I have recently been at a sociological congress in Buenos Aires, and on my last morning in the city, a Sunday, I walked to the Plaza de Mayo. The name of the square celebrates the start of the independence struggle against the Spanish empire. The cathedral there – its facade looks like a Roman temple – has the tomb of the Liberator, San Martin. At the opposite end of the Avenida de Mayo, which leads out of the square, is the imposing building of the national Congress. The place is a powerful symbolic site for the Argentine republic.
|Picture taken 2009 by Paula|
That’s doubtless why it was chosen for the extraordinary action by the women known as the Madres de Plaza de Mayo – the Mothers of May Square. In sight of a cathedral full of images of the Mother of God, the Madres broke the silence imposed by Argentina’s military dictatorship about the arrest, torture, and murder of thousands of left-wing activists in the late 1970s and early 1980s. Even the generals found it hard to deny a mother’s right to ask what had happened to her child.
I guess many of the women at the first gatherings must already have known. If so, what they were doing was a first stage of public mourning, as well as criticism of the dictatorship. The death of that generation of young intellectuals is still felt in Argentina’s universities and public life. After the dictatorship ended, the Madres continued a long campaign to document the ‘disappearances’ case by case.
I mourn them too, and not just abstractly. They were part of my generation of intellectuals, the new left of the sixties and seventies. Though an ocean and a continent away, I understand something of what the Argentine comrades were about, something of the energies and hopes that went under in many parts of the world, in that decade of repressions from the Prague Spring to the Argentine darkness.
I’ve been wondering if there is a more general interplay between mourning and activism. Some forms of activism, at least, are deeply coloured by loss. AIDS activism, indigenous land rights activism, and campaigns about femicide, all deal with irrecoverable loss. Activism in such circumstances involves public mourning as well as social change.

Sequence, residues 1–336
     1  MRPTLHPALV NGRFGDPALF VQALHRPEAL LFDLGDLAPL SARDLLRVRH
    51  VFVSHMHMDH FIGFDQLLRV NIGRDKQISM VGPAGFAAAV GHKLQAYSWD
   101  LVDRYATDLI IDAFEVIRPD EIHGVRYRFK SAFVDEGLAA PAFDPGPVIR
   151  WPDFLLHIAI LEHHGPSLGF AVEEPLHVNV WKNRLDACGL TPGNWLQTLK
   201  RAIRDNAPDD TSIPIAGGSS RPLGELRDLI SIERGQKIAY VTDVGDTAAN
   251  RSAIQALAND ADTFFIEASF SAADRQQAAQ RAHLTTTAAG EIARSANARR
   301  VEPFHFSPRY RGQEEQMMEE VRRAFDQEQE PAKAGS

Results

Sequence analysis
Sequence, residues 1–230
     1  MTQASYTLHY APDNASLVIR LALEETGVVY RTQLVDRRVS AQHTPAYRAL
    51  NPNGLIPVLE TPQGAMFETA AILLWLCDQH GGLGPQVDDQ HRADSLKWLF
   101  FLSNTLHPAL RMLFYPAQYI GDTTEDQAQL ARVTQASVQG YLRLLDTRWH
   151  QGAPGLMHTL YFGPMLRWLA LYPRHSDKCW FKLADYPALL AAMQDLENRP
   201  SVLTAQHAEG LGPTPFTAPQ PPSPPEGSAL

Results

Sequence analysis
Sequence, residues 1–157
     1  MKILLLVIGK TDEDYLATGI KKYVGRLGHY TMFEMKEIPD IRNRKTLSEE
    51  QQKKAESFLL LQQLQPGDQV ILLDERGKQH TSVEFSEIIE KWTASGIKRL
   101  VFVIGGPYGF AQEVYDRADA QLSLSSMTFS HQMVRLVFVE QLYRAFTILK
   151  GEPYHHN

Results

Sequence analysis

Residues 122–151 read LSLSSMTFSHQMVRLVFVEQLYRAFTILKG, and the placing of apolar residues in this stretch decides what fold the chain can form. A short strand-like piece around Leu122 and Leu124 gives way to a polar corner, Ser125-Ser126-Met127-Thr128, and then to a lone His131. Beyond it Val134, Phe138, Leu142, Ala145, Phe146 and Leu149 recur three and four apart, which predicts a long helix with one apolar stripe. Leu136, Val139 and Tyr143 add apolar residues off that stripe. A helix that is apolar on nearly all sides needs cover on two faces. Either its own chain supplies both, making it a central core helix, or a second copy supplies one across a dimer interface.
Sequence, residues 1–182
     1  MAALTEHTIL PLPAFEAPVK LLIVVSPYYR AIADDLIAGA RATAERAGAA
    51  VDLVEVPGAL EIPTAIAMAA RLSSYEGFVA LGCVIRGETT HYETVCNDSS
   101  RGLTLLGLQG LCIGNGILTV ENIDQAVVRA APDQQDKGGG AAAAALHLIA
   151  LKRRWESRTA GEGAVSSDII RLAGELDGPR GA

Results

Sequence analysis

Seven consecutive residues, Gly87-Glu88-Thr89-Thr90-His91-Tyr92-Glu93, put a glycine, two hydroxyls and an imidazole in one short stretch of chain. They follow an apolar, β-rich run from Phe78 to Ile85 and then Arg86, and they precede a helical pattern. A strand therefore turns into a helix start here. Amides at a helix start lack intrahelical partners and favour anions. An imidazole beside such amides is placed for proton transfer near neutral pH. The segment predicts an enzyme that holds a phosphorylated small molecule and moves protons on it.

The campaigns against nuclear weapons, which now seem to have faded, surely involved an anticipatory mourning for the end of human life. And in the environmental movement there is mourning for the habitats, species and experiences already gone, as well as for the losses to come.
I don’t think this is a bad thing. A politics that has no space for mourning would be unbearably cheerful, and we have enough of that in the self-help section of airport bookshops. Politics is about constructing social futures, for good or evil. I think a transformative politics has to respond to the full range of social experience, not just a narrow band. There are versions of progressive politics that leach out the emotion: a mechanical marxism is one, an obsession with measurable outcomes is another.
The difficult side is that a transformative politics has to grapple with the destructive as well as constructive possibilities in human life. Politics has to do this at a collective level, as intimate relations, and therapy, do at a personal level. That means engaging with the emotions that destruction produces. There’s a book by W. G. Sebald, On the Natural History of Destruction, which I’ve thought about a lot; it reflects on the mass bombing of World War II Germany, and pulls no punches about the effects. Well worth a read; not for the faint-hearted.
The Plaza de Mayo, it turned out, was not a good place to explore these thoughts, even on a Sunday morning. It’s now a tourist hub, with buses of sightseers, a souvenir market, a museum. There is a political demonstration there, but it’s not about the disappeared. It’s a camp set up by veterans of the Malvinas war, with belligerent banners against the English, and declarations of patriotism. “Patria o muerte”, one of the slogans said, Fatherland or Death. Thirty-five years ago, Argentina got both.